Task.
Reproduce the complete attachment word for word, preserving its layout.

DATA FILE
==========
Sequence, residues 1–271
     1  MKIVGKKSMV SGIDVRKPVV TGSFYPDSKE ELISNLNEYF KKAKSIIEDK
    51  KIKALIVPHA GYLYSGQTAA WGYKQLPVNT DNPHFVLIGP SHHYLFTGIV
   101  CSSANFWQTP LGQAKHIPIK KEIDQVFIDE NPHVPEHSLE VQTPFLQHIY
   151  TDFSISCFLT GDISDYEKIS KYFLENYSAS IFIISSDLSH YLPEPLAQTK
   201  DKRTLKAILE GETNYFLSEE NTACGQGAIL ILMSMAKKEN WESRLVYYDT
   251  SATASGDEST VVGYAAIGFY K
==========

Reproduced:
Sequence, residues 1–271
     1  MKIVGKKSMV SGIDVRKPVV TGSFYPDSKE ELISNLNEYF KKAKSIIEDK
    51  KIKALIVPHA GYLYSGQTAA WGYKQLPVNT DNPHFVLIGP SHHYLFTGIV
   101  CSSANFWQTP LGQAKHIPIK KEIDQVFIDE NPHVPEHSLE VQTPFLQHIY
   151  TDFSISCFLT GDISDYEKIS KYFLENYSAS IFIISSDLSH YLPEPLAQTK
   201  DKRTLKAILE GETNYFLSEE NTACGQGAIL ILMSMAKKEN WESRLVYYDT
   251  SATASGDEST VVGYAAIGFY K